Smart financial policy could help meet climate goals

A MCC study proposes taxing CO2 as a means to finance national budgets—and to protect the climate.


Severe air pollution in China, disastrous floods in India, and even the huge budget deficit in the United States. These three problems could all be solved with the same solution: the taxing of CO2 emissions. In addition, the national benefits derived from carbon taxing could introduce a new dynamic into the repeatedly stalled climate negotiations and ultimately serve as a basis for a global agreement.

This new approach to tackling problems is presented in a new study entitled “Closing the Emission Price Gap.” Recently published in the journal Global Environmental Change, the study was conducted by Ottmar Edenhofer, Director of the Mercator Research Institute on Global Commons and Climate Change (MCC) and Chief Economist at the Potsdam Institute for Climate Impact Research (PIK), in collaboration with MCC scientists Michael Jakob, Felix Creutzig, Christian Flachsland, Sabine Fuss, Martin Kowarsch, Linus Mattauch, Jan Siegmeier and Jan Christoph Steckel as well as Kai Lessmann from the PIK.

The study finds that the tax, while benefitting each country in different ways, would be an efficient source of funding for all state budgets across the board. “Ministers of finance stand to gain from a CO2 tax even if they have no interest in climate policy,” says Ottmar Edenhofer. This is because such revenues could be channeled to stimulate economic growth and infrastructure improvements. “The money could be used depending on the needs of the individual country, for example, for health care, education or public transport.”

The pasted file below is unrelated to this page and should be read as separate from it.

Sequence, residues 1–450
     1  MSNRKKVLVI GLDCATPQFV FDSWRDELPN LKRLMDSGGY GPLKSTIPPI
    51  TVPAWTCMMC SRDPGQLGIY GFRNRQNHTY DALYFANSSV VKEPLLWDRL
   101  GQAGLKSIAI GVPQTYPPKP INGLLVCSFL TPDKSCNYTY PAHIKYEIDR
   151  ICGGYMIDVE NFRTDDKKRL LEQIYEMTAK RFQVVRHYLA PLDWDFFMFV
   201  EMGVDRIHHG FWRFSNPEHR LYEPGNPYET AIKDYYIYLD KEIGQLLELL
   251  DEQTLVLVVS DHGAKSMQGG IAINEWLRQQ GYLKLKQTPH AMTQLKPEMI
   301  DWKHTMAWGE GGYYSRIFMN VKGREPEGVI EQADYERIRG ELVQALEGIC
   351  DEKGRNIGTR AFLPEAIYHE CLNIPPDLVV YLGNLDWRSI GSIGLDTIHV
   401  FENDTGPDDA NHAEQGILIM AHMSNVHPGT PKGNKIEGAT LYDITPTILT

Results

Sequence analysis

According to the MCC, a CO2 tax could theoretically reverse the global downward spiral in capital taxation. Moreover, the investment of CO2 tax revenues in economy-boosting infrastructures would enhance the attractiveness of a location, thereby resulting in added value for the companies of that region.

With a view to the global context, the study envisions certain groups of countries, such as the EU, to take the lead and become pioneers. “The benefits of a climate policy do not materialize until very late. By contrast, those of a CO2 tax would manifest very quickly, especially from a monetary point of view,” says co-author Michael Jakob. In this way, taxes on labor or capital could be decreased, state debt could be reduced and public investment could be increased. He adds that “climate protection from the bottom up could be a first step toward the long-term goal of realizing a global climate regime that has ambitious stabilization targets.”